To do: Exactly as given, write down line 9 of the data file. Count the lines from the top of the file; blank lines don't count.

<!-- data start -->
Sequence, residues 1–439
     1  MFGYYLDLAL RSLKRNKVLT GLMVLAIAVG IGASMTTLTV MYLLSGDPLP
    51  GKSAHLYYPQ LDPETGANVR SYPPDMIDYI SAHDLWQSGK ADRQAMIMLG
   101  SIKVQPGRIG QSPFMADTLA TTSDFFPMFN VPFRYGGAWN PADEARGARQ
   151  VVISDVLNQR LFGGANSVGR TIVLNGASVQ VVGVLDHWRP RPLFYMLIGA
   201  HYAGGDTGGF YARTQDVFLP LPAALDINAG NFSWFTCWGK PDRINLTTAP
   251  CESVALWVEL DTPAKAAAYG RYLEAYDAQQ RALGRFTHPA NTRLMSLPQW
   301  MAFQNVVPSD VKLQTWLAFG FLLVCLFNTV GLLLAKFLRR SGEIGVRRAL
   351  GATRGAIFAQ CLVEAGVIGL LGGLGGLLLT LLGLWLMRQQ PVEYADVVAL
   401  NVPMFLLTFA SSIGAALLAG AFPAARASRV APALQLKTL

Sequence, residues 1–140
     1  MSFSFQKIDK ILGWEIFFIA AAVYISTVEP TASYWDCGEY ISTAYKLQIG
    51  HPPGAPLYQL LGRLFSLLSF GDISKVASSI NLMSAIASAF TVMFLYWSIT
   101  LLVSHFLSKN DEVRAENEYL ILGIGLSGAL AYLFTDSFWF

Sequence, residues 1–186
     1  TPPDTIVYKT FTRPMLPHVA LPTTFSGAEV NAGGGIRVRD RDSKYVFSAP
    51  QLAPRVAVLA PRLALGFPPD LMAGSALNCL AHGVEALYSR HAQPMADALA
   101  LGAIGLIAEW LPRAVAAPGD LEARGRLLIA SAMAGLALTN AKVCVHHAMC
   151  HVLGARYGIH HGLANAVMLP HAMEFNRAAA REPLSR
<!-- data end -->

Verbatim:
   351  GATRGAIFAQ CLVEAGVIGL LGGLGGLLLT LLGLWLMRQQ PVEYADVVAL